In this high-growth frenzy, two factors have risen to the top of the industrial site selection list: rising consumer delivery expectations and tight labor markets.
Rising Consumer Delivery Expectations
Consumer delivery expectations have rapidly transformed in the past few years, with consumers now expecting product within 24 to 48 hours - and at no cost. The “ecommerce effect” is in full force, with retailers competing to provide 24-hour or same day delivery to many urban centers. With inventory at a record high, e-commerce retailers need space for all that ready-to-ship product.
Enter last-mile warehouses, strategically located to serve dense populations within hours. While not exactly within a mile radius of the target populations, these warehouses are located close to interstates and other infrastructure and poised for fast delivery. New developments are going up across the country, including the U.S.’ first multi-story warehouse in Seattle.
In addition to new developments, adaptive reuse is a common tactic for creating last-mile facilities. For example, Chicago’s downtown Millennium Park garage facility may soon accommodate about 200,000 square feet of warehouse space to accommodate last-mile demand in downtown Chicago.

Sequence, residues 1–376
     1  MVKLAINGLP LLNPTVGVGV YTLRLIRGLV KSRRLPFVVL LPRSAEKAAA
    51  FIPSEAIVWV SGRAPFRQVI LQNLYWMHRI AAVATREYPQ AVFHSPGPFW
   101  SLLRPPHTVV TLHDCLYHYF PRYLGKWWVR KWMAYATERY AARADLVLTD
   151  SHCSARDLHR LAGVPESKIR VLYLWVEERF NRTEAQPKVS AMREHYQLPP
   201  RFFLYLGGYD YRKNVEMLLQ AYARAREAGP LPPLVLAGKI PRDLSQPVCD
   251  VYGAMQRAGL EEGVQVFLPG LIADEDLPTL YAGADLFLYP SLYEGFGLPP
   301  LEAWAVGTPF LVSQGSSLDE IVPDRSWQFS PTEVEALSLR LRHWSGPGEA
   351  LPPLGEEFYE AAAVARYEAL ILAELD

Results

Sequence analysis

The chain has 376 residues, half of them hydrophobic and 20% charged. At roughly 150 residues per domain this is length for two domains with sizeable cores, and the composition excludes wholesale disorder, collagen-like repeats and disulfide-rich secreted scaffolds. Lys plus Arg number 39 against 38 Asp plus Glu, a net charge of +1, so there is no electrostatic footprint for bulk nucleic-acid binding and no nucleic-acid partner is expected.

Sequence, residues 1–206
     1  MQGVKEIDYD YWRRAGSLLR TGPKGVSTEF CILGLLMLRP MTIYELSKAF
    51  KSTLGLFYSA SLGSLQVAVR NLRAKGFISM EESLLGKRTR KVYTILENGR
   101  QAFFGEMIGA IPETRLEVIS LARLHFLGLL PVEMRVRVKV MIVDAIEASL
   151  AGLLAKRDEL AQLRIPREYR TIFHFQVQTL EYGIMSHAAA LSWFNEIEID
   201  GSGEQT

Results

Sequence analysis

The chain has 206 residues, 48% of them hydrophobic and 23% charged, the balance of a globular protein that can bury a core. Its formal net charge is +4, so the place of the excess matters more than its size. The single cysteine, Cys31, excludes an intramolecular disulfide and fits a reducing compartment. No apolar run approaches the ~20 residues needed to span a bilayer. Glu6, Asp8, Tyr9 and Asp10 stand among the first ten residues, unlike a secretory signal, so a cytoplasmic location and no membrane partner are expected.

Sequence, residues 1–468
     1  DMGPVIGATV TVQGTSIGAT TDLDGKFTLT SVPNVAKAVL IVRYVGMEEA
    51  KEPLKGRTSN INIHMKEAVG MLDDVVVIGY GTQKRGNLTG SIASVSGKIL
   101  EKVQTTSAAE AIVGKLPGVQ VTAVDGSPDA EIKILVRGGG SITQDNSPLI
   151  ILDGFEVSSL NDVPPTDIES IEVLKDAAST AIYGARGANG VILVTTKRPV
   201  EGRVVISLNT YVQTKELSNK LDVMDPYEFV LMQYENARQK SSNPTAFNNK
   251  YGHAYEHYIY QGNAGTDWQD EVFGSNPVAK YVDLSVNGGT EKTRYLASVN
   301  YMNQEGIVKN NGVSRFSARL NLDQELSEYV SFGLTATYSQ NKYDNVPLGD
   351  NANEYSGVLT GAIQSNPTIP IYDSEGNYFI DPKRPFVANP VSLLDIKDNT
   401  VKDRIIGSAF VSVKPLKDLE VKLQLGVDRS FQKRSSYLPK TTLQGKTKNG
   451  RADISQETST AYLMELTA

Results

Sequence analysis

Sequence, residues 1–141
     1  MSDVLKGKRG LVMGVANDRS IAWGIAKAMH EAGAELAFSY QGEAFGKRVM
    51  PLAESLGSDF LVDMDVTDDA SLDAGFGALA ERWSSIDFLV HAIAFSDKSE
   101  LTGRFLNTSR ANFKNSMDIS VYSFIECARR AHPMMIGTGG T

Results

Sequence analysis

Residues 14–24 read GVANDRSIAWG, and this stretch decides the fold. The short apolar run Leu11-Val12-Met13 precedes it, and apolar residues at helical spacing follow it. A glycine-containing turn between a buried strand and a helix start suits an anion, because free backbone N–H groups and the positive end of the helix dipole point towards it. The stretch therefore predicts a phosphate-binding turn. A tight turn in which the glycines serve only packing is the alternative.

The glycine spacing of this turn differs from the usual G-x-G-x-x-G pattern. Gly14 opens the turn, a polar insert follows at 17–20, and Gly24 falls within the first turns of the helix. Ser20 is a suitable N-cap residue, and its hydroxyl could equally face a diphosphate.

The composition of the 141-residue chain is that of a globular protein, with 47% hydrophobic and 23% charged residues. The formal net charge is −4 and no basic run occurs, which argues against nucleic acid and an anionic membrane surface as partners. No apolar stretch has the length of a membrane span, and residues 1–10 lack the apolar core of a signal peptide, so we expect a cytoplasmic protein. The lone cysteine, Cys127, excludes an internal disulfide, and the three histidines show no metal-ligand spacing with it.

Future infill developments will likely pop up in residential areas to provide one- to two-hour deliveries, most likely for groceries. Innovative transportation modes of the future will also influence the locations and design of all industrial developments. Hyperloop trains may soon deliver freight at 600 mph, necessitating easy access to this transportation. Drones are even becoming more serious modes of transport and may become increasingly prevalent in rural areas.
Tight Labor Markets
Second only to transportation proximity, labor availability is perhaps the most important site selection criteria for industrial users right now. With about 6.5 million unfilled jobs in America, labor is an issue in nearly every industry. Employees are increasingly job-hopping for better working conditions or wages. While a large number of people appear to be underemployed, working at jobs beneath their education or skills level, little is known about how to locate and reskill these potential workers.
The inability to fill warehouse jobs is a driving factor behind warehouse and manufacturing automation. Trucking, intertwined with the industrial sector, will also become automated with self-driving trucks assisted by humans at key stopping points. In 2016, a San Francisco company shipped more than 50,000 cans of beer across Colorado in an autonomous truck test drive, and the truck proved to be safer and more efficient than a human driver.
Another hotly anticipated industrial property trend is that the nearshoring of jobs will also begin soon as jobs in China (and Japan) return to North America. As the populations of China and Japan age and the U.S. and Mexican populations become increasingly younger, North America may once again become self-sustaining in terms of labor.
Editor's Note:Area Development’s Indianapolis Consultants Forum featured a presentation on industrial real estate in an evolving world by Rob Wheeler, Senior Vice President, Integrated Portfolio Services, at JLL. The preceding were key ideas from Wheeler’s presentation and subsequent sit-down interview with as compiled by Jennifer Harris, Area Development contributor, Akrete, Inc.